Astaroth - Chaosatanas - (8/10)
Published on March 29, 2014
A dark and mystical atmosphere is obligatory for any successful black metal project, but occasionally there are a select few that manage to raise the concept to an art from while also maintaining the necessary metallic edge to keep things from venturing too far into shoegaze/post-rock territory. The old yet all too young Norwegian outfit Astaroth (carrying both a familiar name and a few familiar faces) more than succeeds, but manages to recapture the pure old school spirit of the latter days of the 2nd wave while still embracing the less fuzzy and frostbitten production character that went along with A Blaze In The Northern Sky or Pure Holocaust, two albums that undoubtedly had a heavy impact on Chaosatanas, Astaroth’s long awaited debut LP after 5 years of existence.
Arguably the most intricate feature of this album is its unique usage of clean guitars and brief instrumentals to shore up what is largely an exercise in rabid traditionalism with a slight virtuosic edge. The bulk of what makes up “Intro” and “Ascending” is a dreary and nostalgic interplay of clean guitar lines with a very slight dash of keyboard presence, drawing a very sharp contrast in both the ambient keyboard work of Burzum and the symphonic pomp of Emperor and Limbonic Art, which tend to be the usual approach in this style and might be expected given the presence of Troll drummer Carl Engstrøm in the fold. A lone piano paints the closer “Outro” in a fashion a bit more reminiscent of Varg Vikernes’ minimalism, but apart from that things stay in less familiar territory on the clean section front.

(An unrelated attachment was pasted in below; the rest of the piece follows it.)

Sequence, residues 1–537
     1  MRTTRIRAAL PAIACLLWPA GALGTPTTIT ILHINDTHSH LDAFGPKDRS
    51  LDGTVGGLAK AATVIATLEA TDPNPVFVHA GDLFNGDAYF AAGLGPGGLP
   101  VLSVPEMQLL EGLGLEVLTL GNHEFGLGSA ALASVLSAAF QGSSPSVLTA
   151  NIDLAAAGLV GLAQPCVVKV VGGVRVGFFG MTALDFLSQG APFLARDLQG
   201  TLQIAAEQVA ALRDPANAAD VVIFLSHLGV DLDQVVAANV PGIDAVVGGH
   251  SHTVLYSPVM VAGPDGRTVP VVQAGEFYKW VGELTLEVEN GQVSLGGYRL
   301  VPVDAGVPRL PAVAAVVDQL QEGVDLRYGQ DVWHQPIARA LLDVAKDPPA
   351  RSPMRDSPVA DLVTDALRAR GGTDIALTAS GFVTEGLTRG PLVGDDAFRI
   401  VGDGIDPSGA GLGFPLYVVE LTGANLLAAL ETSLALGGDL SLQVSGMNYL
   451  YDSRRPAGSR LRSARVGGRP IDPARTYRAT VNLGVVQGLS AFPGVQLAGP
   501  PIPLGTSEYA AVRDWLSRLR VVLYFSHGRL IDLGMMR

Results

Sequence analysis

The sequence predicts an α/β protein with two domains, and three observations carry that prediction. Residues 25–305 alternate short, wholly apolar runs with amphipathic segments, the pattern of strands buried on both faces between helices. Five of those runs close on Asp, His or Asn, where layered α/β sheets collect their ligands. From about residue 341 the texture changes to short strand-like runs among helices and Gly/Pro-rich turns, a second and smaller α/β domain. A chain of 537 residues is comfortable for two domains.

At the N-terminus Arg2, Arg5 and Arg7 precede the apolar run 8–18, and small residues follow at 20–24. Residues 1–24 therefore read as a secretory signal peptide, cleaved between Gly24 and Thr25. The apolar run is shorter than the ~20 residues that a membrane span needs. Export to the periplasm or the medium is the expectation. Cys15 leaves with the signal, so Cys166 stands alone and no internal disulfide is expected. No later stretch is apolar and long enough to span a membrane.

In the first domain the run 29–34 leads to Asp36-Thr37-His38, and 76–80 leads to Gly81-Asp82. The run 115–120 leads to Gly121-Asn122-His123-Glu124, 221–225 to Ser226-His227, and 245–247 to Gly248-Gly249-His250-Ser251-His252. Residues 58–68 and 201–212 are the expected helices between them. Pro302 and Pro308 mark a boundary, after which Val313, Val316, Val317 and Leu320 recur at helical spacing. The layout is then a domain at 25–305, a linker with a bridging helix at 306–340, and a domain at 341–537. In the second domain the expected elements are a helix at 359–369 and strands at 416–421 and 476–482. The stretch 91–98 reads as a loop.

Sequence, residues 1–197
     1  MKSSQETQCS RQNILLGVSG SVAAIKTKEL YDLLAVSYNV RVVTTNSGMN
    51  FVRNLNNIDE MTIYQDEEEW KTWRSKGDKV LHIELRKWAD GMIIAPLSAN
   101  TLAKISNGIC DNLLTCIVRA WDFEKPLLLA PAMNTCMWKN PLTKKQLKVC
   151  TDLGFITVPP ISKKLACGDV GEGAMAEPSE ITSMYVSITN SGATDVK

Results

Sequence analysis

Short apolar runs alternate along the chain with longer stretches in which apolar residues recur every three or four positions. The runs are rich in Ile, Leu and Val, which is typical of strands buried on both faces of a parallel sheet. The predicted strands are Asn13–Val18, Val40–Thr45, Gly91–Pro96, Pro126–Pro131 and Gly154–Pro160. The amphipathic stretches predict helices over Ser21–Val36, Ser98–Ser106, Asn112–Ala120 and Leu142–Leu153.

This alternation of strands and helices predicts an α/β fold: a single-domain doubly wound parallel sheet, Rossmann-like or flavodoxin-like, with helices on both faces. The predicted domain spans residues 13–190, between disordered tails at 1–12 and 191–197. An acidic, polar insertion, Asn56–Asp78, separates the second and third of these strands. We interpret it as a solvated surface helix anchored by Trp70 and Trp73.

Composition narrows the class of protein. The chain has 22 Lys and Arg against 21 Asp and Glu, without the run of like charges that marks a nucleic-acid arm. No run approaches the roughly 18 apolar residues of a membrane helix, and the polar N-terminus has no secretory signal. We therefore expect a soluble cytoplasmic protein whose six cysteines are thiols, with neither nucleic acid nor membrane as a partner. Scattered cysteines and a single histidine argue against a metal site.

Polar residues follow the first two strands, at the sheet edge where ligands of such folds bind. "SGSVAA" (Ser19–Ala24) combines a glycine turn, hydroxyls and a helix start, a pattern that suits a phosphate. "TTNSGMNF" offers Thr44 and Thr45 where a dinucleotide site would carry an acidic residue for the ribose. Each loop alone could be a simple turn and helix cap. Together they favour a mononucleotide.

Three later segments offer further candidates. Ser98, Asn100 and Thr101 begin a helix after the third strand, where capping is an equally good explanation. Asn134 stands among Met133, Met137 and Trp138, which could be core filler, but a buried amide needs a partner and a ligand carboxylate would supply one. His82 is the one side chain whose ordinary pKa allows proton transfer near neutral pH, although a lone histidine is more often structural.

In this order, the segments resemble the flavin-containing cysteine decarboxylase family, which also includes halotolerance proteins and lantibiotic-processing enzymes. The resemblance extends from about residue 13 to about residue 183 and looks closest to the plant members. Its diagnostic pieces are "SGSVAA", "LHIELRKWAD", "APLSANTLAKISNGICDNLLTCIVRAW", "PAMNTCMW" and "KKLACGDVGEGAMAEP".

But for all the interesting peripheral devices at play, this is an album that leaves its mark with a healthy onslaught of filthy, unfettered aggression after the mold of a recent death metal convert to the black metal style, arguably not all that dissimilar to a cleaner and more precise answer to early Gorgoroth. The blast happy bruiser “Xeper-I-Apep” brings forth the most overt elements from the iconic debut of said band Pentagram while being just a bit denser and flashier. Special note should also be taken of the more varied mixture of chaotic speed with frequent slower, punchy thrash elements “Seth”, which is a bit more representative of the album’s general sound, which definitely makes time for the death and thrash influences of the black metal style in its infancy and merging it with the Norwegian interpretation of the 90s.
It’s pretty hard to go wrong with an album like this if an older school sound is the goal, though it may come off just a tiny bit too safe for those craving a really raw, low-fidelity character of sound. Younger fans of the style who aren’t necessarily married to the theatrical imagery and corpsepaint cliches of the style’s early days will find a more down-to-earth take on all things pitch black here, though it gets difficult to picture these guys not looking like a throwback to that visual if the band’s photos aren’t readily at hand. It’s a highly mature and well-rounded listen from a group of musicians that have largely been around the block and while not quite breaking into elite territory, comes pretty close.